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Rabelais - Fine Books on Food & Drink

Asbury

Asbury, HerbertThe Great Illusion. An Informal History of Prohibition

Garden City: Doubleday & Company Inc.; Country Life Press, 1950. Octavo (20 x 15 cm.), 344 pages. Index. FIRST EDITION. The final work from the historian, journalist, editor, and the author of classic studies of American mores including Gangs of New York, The French Quarter, and Barbary Coast. Asbury's first published work, the story of a small town prostitute, was also partially responsible for the rise of H.L. Mencken's American Mercury. This present work is a remarkably detailed portrait of America and the long march (that began before the nation was formed) toward Prohibition. Asbury was more than an observer and recorder of the period between the Volstead Act and Repeal, he also edited and supplied the introduction for the famous 1928 edition of Jerry Thomas' The Bon Vivant's Companion: Or, How to Mix Drinks (he also signed the limited edition copies). Some age-toning to text block; otherwise fine in publisher's silver-titled black cloth. In slightly edge worn dust jacket, with some light soiling. Generally very good. Inscribed by the author, "For Sara and Ezra Stone, with a bow the babies and the bird [?], Herbert Asbury, New York, Oct. 10, 1950". Stone was a radio actor, most famous as the voice of Henry Aldrich ("Hen-reeee, Henry Aldrich"), and later a writer director who worked with greats including Milton Berle, Fred Allen, and Danny Thomas, and on popular TV shows including The Munsters, Lost in Space, and The Flying Nun. [Not in Noling, Beverage Literature (though Asbury's edition of Jerry Thomas' work is included)].
Webster

Webster, NoahRevised Edition. The Elementary Spelling Book, Being an Improvement on "The American Spelling Book"… The cheapest, the best, and the most extensively used spelling-book ever published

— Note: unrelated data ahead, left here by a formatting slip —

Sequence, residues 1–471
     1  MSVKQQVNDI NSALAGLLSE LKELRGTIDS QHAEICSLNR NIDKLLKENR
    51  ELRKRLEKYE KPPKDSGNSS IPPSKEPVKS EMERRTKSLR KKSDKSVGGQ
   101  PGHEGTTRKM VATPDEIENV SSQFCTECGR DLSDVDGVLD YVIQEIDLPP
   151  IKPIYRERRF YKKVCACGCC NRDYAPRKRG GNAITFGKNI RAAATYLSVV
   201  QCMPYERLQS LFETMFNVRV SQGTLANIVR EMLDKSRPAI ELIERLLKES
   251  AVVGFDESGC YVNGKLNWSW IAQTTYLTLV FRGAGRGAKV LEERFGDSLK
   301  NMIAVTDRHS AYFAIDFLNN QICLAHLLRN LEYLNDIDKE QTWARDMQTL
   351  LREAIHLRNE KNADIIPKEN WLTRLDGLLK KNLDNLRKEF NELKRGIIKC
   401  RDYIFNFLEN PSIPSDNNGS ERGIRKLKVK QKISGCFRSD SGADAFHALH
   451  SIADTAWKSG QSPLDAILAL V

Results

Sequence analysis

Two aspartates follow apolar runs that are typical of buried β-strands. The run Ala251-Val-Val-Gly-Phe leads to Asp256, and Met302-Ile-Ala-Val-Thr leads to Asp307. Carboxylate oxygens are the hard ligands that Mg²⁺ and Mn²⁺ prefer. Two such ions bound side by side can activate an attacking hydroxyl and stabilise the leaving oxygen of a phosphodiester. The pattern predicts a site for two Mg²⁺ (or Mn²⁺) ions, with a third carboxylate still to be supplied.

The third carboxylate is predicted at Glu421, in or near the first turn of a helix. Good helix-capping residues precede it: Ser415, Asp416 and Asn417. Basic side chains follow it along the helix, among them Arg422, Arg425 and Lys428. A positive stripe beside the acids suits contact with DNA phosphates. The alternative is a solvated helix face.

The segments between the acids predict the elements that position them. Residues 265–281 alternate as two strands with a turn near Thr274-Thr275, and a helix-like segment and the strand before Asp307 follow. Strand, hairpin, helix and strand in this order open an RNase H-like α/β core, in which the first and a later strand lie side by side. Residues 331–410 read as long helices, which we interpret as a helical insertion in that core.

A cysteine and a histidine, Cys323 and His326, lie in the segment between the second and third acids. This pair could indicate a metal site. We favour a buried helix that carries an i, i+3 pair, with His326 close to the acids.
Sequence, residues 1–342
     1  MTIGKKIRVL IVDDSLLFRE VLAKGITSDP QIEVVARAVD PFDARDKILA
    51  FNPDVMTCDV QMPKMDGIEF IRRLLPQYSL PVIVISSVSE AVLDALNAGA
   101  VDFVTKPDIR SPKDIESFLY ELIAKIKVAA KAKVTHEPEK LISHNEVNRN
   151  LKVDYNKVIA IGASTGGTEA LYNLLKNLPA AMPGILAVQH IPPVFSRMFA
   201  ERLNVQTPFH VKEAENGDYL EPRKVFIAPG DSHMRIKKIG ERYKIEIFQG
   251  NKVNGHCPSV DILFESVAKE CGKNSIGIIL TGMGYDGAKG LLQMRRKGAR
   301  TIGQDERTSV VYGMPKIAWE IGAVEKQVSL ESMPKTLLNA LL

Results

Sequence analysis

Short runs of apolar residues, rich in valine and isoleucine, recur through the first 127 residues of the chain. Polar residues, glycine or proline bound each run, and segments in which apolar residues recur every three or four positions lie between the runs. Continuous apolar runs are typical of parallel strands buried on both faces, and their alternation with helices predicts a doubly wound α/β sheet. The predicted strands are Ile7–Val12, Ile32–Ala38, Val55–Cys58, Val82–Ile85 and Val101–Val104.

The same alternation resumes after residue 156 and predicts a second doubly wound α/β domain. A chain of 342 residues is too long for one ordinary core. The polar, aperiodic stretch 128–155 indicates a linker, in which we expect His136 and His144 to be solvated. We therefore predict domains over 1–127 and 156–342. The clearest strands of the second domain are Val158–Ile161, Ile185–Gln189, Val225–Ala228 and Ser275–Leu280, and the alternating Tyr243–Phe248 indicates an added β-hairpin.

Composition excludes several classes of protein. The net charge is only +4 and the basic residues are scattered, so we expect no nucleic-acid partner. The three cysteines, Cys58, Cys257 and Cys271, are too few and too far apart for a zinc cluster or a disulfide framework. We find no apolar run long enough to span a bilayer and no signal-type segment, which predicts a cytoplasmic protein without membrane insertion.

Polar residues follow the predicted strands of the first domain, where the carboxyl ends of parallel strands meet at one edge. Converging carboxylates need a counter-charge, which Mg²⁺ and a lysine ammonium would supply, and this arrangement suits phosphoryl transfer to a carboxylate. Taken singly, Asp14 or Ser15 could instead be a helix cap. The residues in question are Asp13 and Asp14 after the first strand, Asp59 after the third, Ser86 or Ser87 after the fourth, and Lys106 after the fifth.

New York: Published by D. Appleton & Co., 443 & 445 Broadway, 1859. (17.5 x 10.5 cm.), [2], 168, [2] pages. Illustrated. Publisher's advertisements front and rear, including endpapers. Date of publication from address of publisher (Appleton moved to this address from 346 & 348 Broadway in 1859, and publisher's advertisement at rear is dated 1859; note the text on the printed boards still states "346 & 348 Broadway"). ~ Revised edition. A later edition of Webster's greatly influential spelling book. "In 1783, Noah Webster published A Grammatical Institute of the English Language. It was a concise dictionary for adults and a precursor to the 1828/1829 compendium, An American Dictionary of the English Language. Webster modeled his spellers and dictionaries after English imports, but included American words, definitions, and pronunciations. He believed that Americanizing spelling, grammar, and pronunciation would unify the new nation. Webster revised the first speller in 1787 under the title of The American Spelling Book and included tables of pronunciations, common abbreviations, and reading lessons for schools at the back of the book. Webster's son, William, adapted this sequel for school children in 1844, shortly after his father's death. This edition was used by the majority of literate Americans well into the mid-20th century." (Smithsonian Insitution online catalogue). A few pages with small dog ears; some light soiling. In publisher's black-printed blue, paper-covered boards (thus the popular name, "blue-backs"), backed in faded red cloth. Small chip to cloth in front hinge, some bumping to corners, otherwise very good. [Skeel, page 129].